Bahrain has been strategically selected for StocExpo Middle East this year, due to its proximity to the major oil markets of Kuwait and Saudi Arabia. Recent investment in the region has been rich, satisfying an increase in local demand as well as business for export. Enlargement of the region’s refineries and storage facilities is coinciding with an all-time high world demand for petroleum. The petrochemicals industry in the Middle East is still in its youth and growing fast. The region also benefits from its geographical position, with Europe to the west and the booming Asian markets to the east. This year’s event is set to follow on from last year’s success in Dubai. The exhibition and conference will expand in size compared to 2006, with additional demand from companies aspiring to target decisionmakers from the tank terminal sector. Terminal operators have an opportunity to meet, listen to and engage in an array of sector-specific subjects relating directly to the dayto- day activities within oil and petrochemical facilities. StocExpo Middle East 2007 also invites equipment and service suppliers to tap into the import markets. The specialist two-day conference unites a collection of expert speakers ensuring delegates are fully up-to-date on topics such as terminal security, vapour control, regulations, tank construction, terminal automation, tank cleaning and a host of other presentations, assisting companies in the safe, efficient and cost-effective operation of their terminals. To read this article in full you will need to subscribe to Tank Storage Magazine or buy the back-issue. Click here for further details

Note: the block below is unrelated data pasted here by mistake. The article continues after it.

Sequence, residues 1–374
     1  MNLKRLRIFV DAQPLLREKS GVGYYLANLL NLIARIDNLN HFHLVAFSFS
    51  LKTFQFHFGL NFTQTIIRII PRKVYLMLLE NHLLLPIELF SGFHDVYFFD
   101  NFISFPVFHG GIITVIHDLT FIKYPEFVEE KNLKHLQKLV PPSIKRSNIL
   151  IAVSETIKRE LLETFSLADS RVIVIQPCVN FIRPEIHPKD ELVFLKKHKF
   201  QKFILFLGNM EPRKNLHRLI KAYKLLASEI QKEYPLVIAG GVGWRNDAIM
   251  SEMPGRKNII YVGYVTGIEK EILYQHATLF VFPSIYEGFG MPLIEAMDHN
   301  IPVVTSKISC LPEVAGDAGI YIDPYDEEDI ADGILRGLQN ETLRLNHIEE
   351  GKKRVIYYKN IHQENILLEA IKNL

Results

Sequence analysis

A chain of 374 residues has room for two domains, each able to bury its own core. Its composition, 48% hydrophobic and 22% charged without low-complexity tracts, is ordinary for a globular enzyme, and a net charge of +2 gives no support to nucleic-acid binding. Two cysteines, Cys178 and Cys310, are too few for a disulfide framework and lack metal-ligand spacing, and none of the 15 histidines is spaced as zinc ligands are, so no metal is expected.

Building on a boom